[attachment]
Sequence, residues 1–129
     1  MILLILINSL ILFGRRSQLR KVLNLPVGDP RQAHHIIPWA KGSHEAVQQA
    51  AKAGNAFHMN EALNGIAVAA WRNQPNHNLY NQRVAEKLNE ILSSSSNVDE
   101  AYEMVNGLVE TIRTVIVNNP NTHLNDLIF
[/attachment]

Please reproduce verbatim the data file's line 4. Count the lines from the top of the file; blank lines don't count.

   101  AYEMVNGLVE TIRTVIVNNP NTHLNDLIF